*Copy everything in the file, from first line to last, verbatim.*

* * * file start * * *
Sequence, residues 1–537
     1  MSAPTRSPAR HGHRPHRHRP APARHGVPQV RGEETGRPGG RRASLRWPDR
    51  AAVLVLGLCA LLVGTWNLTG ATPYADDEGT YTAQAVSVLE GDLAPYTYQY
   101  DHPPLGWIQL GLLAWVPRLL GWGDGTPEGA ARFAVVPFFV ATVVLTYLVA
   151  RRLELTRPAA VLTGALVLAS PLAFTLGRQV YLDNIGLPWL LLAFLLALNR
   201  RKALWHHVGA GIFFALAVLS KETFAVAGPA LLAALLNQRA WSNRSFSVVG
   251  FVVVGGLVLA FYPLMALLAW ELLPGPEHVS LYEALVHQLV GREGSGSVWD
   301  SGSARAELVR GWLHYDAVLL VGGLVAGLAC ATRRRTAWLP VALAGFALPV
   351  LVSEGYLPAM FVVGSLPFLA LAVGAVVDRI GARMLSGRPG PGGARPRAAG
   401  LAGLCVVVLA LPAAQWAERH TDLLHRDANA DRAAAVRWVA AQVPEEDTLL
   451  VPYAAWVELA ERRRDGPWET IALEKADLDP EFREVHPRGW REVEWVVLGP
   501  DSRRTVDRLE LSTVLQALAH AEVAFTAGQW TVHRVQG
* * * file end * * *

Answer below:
Sequence, residues 1–537
     1  MSAPTRSPAR HGHRPHRHRP APARHGVPQV RGEETGRPGG RRASLRWPDR
    51  AAVLVLGLCA LLVGTWNLTG ATPYADDEGT YTAQAVSVLE GDLAPYTYQY
   101  DHPPLGWIQL GLLAWVPRLL GWGDGTPEGA ARFAVVPFFV ATVVLTYLVA
   151  RRLELTRPAA VLTGALVLAS PLAFTLGRQV YLDNIGLPWL LLAFLLALNR
   201  RKALWHHVGA GIFFALAVLS KETFAVAGPA LLAALLNQRA WSNRSFSVVG
   251  FVVVGGLVLA FYPLMALLAW ELLPGPEHVS LYEALVHQLV GREGSGSVWD
   301  SGSARAELVR GWLHYDAVLL VGGLVAGLAC ATRRRTAWLP VALAGFALPV
   351  LVSEGYLPAM FVVGSLPFLA LAVGAVVDRI GARMLSGRPG PGGARPRAAG
   401  LAGLCVVVLA LPAAQWAERH TDLLHRDANA DRAAAVRWVA AQVPEEDTLL
   451  VPYAAWVELA ERRRDGPWET IALEKADLDP EFREVHPRGW REVEWVVLGP
   501  DSRRTVDRLE LSTVLQALAH AEVAFTAGQW TVHRVQG